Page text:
Do you struggle explaining your work? What do you tell people when they ask? Or is that easy for you but the challenge is to hook potential clients or improve your simulation consulting skills? I found a really useful tool to all of these questions…
I am at a conference career fair to set up a stand for my employer decisionLab. Everybody tries to attract attention but the stand next to ours is way ahead of everyone. Sure, they got flyers, posters and pens. But it’s all pale compared to a Lego container ship the size of two shoe boxes. Nobody can walk past it without noticing. Everybody asks about it. Best of all: it already describes their company in a nutshell as they help logistics carriers improve their network.
So I bought a small set of Lego and asked participants at a recent AnyLogic training course to build what they normally simulate. It was nice but I wanted more. I then asked my parents “Didn’t you store all my childhood Lego in the cellar?”. And they did. All of it. The image at the top is only a small part of it! Off I went to think about how to best use it as a simulation consultant.
After building, creating ideas and playing, here are some reasons why I think Lego can help you too in answering the questions above:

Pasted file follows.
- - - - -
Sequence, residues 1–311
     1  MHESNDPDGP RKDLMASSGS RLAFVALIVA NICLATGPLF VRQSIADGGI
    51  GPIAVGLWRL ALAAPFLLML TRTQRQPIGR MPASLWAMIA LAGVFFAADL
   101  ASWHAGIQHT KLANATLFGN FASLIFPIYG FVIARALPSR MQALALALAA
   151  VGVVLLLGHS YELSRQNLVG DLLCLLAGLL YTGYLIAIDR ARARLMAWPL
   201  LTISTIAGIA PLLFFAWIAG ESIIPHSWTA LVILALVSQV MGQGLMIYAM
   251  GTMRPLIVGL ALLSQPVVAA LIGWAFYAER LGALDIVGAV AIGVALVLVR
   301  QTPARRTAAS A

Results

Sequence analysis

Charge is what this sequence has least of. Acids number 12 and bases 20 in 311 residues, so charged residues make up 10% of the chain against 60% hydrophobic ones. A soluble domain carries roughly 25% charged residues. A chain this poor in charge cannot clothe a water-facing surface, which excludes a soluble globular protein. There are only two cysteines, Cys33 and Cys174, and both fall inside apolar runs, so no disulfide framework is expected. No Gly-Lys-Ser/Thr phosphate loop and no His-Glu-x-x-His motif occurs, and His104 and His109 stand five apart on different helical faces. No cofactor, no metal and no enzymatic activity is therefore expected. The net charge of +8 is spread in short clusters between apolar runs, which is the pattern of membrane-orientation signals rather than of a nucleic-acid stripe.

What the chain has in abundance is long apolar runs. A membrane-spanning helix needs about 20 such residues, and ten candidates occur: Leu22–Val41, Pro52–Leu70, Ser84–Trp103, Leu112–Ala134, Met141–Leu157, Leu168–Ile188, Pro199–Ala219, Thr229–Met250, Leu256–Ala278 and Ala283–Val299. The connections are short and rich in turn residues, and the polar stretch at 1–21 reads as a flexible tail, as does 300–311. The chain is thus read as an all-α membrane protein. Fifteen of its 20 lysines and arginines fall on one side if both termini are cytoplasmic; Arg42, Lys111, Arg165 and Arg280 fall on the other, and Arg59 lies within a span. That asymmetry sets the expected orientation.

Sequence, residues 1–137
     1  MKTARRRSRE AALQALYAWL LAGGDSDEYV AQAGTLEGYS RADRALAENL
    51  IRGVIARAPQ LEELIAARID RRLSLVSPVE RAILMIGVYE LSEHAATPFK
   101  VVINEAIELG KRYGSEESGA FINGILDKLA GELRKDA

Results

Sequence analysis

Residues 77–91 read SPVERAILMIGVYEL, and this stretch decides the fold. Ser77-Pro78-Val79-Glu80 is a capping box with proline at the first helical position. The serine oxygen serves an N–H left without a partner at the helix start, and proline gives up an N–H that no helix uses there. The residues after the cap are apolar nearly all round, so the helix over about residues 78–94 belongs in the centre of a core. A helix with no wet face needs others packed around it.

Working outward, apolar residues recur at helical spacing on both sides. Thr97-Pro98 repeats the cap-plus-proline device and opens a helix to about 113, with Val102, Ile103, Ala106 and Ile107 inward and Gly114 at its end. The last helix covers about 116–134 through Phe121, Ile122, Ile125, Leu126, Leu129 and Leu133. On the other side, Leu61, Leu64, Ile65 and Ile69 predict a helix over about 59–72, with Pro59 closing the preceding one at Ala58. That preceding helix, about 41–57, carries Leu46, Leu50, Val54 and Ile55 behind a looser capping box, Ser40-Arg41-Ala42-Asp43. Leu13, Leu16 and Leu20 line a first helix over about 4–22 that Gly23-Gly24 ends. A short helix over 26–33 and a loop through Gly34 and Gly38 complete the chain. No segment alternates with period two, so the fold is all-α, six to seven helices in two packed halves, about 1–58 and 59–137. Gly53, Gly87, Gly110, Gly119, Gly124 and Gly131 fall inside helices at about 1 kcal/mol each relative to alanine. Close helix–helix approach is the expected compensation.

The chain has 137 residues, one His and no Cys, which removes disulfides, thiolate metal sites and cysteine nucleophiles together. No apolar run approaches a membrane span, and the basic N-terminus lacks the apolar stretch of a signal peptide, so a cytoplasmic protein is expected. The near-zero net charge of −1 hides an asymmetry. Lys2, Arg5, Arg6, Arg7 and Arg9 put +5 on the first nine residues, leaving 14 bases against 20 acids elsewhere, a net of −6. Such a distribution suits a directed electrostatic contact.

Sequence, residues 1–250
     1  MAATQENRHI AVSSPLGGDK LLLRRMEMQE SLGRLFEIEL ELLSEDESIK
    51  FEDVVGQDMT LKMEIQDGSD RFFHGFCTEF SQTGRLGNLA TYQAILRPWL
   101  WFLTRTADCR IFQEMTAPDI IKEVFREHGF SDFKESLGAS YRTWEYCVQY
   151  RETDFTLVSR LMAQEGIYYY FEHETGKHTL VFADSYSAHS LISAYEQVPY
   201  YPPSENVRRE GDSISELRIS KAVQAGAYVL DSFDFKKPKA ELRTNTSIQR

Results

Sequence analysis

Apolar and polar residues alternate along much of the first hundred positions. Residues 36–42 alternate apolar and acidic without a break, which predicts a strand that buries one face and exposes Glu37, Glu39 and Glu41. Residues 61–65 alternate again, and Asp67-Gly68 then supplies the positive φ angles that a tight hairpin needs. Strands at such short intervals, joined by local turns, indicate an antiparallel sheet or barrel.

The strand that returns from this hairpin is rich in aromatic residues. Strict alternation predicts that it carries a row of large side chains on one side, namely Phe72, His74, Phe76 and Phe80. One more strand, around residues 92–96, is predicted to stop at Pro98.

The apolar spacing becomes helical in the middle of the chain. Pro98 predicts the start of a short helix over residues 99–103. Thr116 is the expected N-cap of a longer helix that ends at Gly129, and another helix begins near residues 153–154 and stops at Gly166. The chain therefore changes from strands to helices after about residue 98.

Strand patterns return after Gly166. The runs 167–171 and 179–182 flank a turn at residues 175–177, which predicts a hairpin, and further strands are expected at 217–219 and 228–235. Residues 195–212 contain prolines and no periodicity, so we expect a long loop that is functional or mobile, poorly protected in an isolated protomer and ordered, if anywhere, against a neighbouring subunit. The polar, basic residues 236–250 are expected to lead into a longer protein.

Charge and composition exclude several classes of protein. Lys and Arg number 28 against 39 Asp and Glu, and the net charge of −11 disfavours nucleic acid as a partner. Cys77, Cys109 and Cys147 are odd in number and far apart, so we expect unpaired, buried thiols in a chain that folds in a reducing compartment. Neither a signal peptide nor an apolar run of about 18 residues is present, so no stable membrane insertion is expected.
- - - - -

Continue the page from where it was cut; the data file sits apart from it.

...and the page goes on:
- Attention seeker: If you need to promote yourself in any way, Lego is a perfect, cheap and easy way to set yourself apart from others. Plus, it helps start conversations really easy
- Help explanations: Build a model of your work and you are already half-way there. See the models I built below: There is an engine repair workshop, a hospital and a little airport. How much easier is it to ease people into my work areas by showing them with these models. And its more fun, too!
- For potential clients: Next time you visit a potential client to discuss work, why not take a bag of Lego with you, maybe with some pre-build items relating to your client? If you get serious and discuss model details, you can pull them up and play through ideas in reality.
- For existing clients: At the heart of consulting is understanding the client's world, right? Why not let him explain it with a Lego model instead of drawing on that flip chart again? As above, you can increase your understanding and explore ideas, avoiding lots of potential for misunderstanding!
Have you ever tried using Lego (or something similar) to move our virtual work into the real world? How did go? Do you have specific ideas to explain our work or concepts of it? Share your thoughts, I am just beginning to explore this world.
Oh, and by the way: I did get carried away a little and had to buy this beast. Not really related to simulation, but it sure is fun to build!